I read an interesting blog post from the May 30th blog of the New Scientist magazine. (I know it's July now and I am talking about a post back in May since I did not follow their blog very closely. But it’s not a timely post anyway.) Here’s the post:
What stands out to me, in a gruesome way, is how many people have died – over 5000 as of today – for a relatively small earthquake. The quake measured 6.3 on the Richter Scale (there are about 120 tremors between 6.0 and 6.9 worldwide every year). By comparison, on 28 March 2005, a quake of magnitude 8.7 hit
The reason for the discrepancy is location. Huge earthquakes can rock the planet but if they are far from populated areas, they will cause little damage. But smaller, and especially shallow, earthquakes can cause devastation if they occur right under towns and villages. The other key factor is of course the quality of buildings – a seismologist once told me "earthquakes don't kill people – badly constructed buildings do".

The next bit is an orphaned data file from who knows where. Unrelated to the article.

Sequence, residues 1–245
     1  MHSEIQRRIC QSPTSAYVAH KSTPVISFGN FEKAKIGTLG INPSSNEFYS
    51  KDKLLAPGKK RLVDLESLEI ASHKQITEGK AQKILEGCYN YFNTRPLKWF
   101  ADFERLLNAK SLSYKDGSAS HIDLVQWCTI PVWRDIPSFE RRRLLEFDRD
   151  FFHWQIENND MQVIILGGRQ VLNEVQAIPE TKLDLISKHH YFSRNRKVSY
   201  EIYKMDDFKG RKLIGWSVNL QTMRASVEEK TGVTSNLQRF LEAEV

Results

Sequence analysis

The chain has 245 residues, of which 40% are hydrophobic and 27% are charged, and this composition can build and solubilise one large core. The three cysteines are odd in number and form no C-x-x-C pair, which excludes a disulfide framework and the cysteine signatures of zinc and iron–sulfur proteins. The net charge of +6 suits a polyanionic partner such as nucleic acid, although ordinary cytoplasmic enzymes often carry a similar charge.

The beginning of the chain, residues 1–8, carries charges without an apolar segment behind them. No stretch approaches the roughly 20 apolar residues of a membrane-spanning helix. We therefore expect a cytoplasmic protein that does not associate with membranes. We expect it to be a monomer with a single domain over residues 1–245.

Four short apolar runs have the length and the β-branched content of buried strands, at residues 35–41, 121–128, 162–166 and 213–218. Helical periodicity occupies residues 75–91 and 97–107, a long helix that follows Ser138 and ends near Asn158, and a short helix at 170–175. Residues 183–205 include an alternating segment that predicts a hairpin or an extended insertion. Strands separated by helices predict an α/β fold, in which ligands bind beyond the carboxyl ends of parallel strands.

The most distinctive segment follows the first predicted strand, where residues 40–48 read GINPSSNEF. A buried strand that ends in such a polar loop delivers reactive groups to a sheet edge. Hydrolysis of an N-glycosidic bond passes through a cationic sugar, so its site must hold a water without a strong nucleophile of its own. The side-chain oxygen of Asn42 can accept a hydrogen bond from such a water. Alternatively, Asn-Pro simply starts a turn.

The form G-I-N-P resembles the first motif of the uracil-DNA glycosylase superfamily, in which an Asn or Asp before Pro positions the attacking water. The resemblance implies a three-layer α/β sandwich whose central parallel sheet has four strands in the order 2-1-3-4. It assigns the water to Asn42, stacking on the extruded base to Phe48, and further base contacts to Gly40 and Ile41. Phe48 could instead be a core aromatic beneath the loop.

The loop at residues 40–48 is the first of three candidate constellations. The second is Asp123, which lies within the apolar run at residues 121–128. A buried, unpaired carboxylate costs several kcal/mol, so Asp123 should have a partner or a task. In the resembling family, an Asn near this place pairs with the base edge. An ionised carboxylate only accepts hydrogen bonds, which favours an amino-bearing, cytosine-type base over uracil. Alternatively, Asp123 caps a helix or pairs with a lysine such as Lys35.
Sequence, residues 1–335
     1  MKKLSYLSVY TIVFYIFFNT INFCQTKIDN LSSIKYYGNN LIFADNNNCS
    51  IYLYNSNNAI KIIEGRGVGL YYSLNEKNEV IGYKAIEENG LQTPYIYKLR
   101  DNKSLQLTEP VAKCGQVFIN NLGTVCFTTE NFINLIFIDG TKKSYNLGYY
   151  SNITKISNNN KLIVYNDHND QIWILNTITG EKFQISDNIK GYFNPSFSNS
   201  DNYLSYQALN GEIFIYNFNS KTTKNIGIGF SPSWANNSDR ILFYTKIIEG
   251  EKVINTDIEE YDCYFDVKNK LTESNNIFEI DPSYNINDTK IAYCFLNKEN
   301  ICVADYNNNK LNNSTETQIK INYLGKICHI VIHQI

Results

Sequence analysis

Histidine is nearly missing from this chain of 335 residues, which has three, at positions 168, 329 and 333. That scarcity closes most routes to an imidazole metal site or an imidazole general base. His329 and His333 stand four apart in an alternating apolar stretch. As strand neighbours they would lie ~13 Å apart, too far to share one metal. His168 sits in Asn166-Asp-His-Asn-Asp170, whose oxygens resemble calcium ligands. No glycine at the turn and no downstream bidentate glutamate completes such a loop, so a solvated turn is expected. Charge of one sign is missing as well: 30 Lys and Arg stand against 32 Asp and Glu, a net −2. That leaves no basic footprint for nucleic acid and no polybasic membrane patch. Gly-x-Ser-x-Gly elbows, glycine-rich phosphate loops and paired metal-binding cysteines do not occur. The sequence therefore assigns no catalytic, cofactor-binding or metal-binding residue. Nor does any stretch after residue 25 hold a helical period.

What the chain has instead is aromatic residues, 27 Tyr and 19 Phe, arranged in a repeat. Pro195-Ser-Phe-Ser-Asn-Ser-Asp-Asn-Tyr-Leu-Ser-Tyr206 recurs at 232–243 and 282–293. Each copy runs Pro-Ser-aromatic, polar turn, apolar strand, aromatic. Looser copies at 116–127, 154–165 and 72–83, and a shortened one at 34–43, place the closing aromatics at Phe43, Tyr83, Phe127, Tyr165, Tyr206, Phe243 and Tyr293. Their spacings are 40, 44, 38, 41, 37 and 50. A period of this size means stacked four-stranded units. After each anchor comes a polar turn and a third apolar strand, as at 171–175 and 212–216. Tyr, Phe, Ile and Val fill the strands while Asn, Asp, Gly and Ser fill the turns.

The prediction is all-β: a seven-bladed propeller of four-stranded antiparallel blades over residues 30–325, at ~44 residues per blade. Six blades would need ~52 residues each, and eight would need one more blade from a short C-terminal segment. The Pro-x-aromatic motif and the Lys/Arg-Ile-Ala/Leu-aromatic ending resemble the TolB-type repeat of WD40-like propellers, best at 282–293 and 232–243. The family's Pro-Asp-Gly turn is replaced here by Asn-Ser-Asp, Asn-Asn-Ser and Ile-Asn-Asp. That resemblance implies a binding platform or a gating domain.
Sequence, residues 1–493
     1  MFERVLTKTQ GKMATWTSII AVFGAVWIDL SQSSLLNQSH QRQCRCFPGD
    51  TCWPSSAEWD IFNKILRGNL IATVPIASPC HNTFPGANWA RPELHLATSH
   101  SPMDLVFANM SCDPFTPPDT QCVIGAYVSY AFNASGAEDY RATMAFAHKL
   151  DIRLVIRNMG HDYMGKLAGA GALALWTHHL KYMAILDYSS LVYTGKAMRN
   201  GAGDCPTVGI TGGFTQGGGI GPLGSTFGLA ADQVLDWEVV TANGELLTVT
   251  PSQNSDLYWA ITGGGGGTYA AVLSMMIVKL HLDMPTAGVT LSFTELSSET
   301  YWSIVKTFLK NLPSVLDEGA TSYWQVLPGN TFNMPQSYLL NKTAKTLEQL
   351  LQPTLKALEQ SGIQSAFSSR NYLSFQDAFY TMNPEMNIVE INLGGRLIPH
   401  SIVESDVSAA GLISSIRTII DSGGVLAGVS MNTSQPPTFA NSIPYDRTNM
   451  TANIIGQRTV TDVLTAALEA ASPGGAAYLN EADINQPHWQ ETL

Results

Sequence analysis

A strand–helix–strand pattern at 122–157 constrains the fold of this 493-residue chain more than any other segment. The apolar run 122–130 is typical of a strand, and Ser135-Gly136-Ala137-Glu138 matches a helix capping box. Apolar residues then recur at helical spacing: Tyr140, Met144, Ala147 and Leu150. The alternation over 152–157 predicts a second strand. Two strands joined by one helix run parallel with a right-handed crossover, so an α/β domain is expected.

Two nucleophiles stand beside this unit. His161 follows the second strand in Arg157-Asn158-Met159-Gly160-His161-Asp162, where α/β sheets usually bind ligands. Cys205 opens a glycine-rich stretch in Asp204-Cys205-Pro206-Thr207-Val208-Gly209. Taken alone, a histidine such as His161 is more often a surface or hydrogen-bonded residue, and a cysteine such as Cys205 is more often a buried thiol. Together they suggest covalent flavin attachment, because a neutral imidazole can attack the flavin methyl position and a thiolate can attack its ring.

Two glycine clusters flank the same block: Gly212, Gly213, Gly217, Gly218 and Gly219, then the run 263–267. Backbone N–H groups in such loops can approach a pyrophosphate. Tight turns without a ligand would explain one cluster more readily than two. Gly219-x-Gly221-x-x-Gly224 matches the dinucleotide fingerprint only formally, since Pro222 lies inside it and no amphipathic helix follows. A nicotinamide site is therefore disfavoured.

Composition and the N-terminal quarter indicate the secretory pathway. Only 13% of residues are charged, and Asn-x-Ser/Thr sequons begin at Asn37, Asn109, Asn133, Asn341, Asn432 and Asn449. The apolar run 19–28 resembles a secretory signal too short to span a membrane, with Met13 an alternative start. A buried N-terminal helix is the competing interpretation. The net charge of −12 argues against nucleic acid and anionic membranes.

I think there is an analogy with freaque waves here. If a very large freaque wave of 60 m or higher can happen, but there is no ship snarled nearby it, then there is no damages happen and no one would really care much about it. But if a minor freaque wave of a few feet high came out of nowhere that capsized a small boat full of people, that would be a dreadful tragic event nevertheless. On the other hand, every earthquake that occurs, large or small, get recorded and noted, but we still can not predict earthquake yet. Now we have no idea where or when freaque waves might happen out there and how high, and no one cares about making measurements, and there’s still this glowing talks about freaque waves prediction in a few years?!